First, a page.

Richard Hertz June 10, 2012 at 05:18 AM
Would you mind defining a "living wage?"
Ronald June 10, 2012 at 11:34 AM
How about more police instead of raises for those that get tremendous pensions as it is. Glad they have guns so that they can continue to hold us up. NO MORE BENEFITS! yOU GET PAID WHEN YOU WORK AND SCREW THE UNIONS!!!!!
Richard Hertz June 10, 2012 at 01:13 PM
I guess the author of this article is also ignorant: http://online.wsj.com/article/SB10001424052702304707604577421901195142304.html?mod=djemEditorialPage_h
Ronald June 10, 2012 at 06:41 PM
Because they have BETTER unions and can threten strikes. Unions had their places at one time - now there worse than the Mafia ever was.
Ronald June 10, 2012 at 06:43 PM
It's easy to call people names without justifying it when you disagree. Try increasing your medicaitons and not operating heavy machinery.
Ronald June 10, 2012 at 06:46 PM
Teachers, police, fire fighters = why are they worth more than anyone else?
S June 11, 2012 at 02:54 PM
Greetings. I think we can all agree that there is a daily martyrdom requisite for both public and private sector jobs. It is not an, “either/or.” All of us have experienced worrisome aspects connected with our jobs. We all look forward to the weekend, or the end of shift. That being said, I think that there is an element of the extraordinary that is inherent with the occupation of policeman. Yes, it IS a dangerous job. And yes, they leave home every day with the awareness that their personal safety is in the balance. They may become accustomed to that feeling, but it is still there. Angry citizens, ordinary criminals, gangs and even domestic terrorists have zeroed in on policemen as primary targets. One glance at any major-city newspaper provides all the testimony we need. I am related to a policeman. During his career, he has been assaulted, shot at, hospitalized, and targeted. He has also saved numerous lives, and worked to educate the community. I take exception to the people who believe that the job of policeman is relatively safe, or almost effortless. It is true, that he chose this career, but I’m not sure that choosing to put his personal safety at risk for the safety of others should be considered a quid pro quo. In these difficult times, we all must make sacrifices, but to make the argument that safety workers are less deserving, because their job, “isn’t that difficult,” is simply uninformed. -Wife of a retired, AA Co, Police Lt.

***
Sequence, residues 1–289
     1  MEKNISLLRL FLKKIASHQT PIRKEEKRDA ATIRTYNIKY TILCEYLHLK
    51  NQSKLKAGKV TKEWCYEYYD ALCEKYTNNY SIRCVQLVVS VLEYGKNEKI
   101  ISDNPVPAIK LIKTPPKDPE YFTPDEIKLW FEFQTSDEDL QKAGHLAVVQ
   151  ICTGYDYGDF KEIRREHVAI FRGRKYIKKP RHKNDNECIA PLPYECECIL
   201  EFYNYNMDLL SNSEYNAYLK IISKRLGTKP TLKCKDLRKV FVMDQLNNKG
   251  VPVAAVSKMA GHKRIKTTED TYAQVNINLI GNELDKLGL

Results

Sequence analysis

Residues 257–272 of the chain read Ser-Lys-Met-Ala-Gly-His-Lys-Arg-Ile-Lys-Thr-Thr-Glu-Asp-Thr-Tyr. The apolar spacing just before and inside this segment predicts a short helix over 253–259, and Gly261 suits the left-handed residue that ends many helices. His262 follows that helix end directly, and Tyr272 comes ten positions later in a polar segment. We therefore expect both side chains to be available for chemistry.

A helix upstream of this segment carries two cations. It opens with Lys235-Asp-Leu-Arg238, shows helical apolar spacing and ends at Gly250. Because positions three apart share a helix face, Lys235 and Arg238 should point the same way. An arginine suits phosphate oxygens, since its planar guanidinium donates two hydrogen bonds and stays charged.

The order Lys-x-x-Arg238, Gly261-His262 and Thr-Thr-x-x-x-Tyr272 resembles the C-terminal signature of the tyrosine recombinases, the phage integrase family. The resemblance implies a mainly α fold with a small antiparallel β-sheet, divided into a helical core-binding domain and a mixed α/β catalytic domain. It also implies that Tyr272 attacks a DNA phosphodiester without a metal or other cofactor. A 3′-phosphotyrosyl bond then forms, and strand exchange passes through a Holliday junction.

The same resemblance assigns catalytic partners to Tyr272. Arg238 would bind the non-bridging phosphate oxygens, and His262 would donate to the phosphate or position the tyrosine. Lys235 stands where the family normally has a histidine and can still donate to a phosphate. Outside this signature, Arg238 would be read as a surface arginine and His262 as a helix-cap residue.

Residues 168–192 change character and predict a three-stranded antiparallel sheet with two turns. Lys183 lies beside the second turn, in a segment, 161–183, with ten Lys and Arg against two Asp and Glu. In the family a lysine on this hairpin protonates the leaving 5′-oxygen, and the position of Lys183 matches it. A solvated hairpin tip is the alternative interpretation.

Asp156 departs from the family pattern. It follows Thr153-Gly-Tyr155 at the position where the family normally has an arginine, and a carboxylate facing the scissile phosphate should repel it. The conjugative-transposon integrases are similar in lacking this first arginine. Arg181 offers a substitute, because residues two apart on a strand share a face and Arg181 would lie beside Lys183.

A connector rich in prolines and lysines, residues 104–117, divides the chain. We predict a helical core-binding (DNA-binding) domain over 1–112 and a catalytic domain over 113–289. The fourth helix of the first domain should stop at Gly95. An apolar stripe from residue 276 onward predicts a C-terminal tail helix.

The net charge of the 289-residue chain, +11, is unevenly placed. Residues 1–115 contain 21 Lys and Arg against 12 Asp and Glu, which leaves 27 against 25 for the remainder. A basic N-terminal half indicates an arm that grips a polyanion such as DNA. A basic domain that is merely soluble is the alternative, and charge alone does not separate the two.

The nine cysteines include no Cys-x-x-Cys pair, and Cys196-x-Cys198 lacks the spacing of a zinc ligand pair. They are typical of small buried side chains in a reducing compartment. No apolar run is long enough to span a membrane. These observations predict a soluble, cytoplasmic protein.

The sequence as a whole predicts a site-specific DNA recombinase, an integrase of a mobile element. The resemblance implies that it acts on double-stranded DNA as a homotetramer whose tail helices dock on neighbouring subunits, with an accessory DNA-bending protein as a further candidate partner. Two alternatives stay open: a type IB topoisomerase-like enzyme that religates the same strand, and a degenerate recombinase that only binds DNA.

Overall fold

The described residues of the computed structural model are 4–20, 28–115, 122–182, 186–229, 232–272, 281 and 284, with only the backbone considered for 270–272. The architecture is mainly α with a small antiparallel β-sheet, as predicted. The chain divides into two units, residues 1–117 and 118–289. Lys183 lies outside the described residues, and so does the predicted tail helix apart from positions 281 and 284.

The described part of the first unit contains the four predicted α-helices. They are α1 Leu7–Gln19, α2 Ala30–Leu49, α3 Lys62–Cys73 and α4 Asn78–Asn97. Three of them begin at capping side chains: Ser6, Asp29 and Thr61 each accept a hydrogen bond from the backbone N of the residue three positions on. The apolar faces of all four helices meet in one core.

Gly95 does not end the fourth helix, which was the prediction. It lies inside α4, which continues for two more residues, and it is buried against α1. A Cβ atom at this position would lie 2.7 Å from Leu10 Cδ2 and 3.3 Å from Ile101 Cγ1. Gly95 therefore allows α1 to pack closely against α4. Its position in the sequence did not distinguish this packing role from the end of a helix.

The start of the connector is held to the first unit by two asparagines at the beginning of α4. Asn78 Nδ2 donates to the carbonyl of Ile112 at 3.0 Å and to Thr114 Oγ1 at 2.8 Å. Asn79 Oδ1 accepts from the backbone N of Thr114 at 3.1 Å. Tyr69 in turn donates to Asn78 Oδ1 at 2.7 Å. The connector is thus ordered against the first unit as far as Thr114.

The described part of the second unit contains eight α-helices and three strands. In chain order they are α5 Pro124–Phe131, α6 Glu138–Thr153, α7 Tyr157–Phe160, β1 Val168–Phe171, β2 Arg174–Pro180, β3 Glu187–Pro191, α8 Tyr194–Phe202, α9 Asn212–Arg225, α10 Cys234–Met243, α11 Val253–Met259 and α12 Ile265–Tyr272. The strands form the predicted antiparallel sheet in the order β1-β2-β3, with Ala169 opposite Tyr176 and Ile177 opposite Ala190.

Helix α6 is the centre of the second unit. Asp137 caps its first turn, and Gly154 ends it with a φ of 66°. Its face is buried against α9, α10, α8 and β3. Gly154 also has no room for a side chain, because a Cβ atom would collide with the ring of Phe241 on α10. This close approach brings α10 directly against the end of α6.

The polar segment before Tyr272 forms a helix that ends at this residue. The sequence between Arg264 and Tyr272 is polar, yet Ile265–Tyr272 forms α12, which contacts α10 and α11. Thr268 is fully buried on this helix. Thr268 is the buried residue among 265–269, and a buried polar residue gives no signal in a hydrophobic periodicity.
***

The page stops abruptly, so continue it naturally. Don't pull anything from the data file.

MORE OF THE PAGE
Richard Hertz June 11, 2012 at 04:38 PM
I don't see where anyone is making the argument that the police, or any other public sector employee is "less deserving." What I think most people on here are saying is that police and other public sector employees are not more deserving. Yet, the structure of their benefits makes it appear that they are more deserving. Try to find a private sector job that will allow you to retire at the age of 50 with a pension that pays 50% or more of some measure of the highest salary earned. The irony is that it's the taxes from the private sector (that must work 10-15 more years) that finance these generous benefits. I think the country is finally waking up to that fact. In that regard, the recall election in Wisconsin was one of the most important elections in the past 50 years. Finally, while you acknowledged the danger of many jobs, you still resorted to the common argument that cops face special dangers. There is nothing more dangerous than death...and as I pointed out earlier, police does not even rank in the top 10 most deadly jobs. Furthermore, you are completely off base with police being "primary targets" of "angry citizens, ordinary criminals, gangs, and even domestic terrorists." Unarmed citizens are the PRIMARY targets of those groups. Do you honestly believe that when those groups are figuring out who to target they determine that their best chance of success is to target armed law enforcement?
vw2003 June 12, 2012 at 10:26 AM
i would say it may have something to do with the fact that some of them drive their families around in cars taxpayers pay for (some malls reserve parking spots just for this purpose). just check the news the Maryland State Police Superintendent commutes to pa everyday on taxpayers dime oh and he also got a pension with the city that he did not earn! oh not to metion alot of police do not respect the citzens they serve. by the way it would be nice if aa county cops did not drive around like they are in the indy 500. lets see police officer first class salary is $43,285 – 80,143 not bad and if you make it to Lieutenant Salary ranges from $62,708-111,259 very nice!
Brian C. June 12, 2012 at 11:57 AM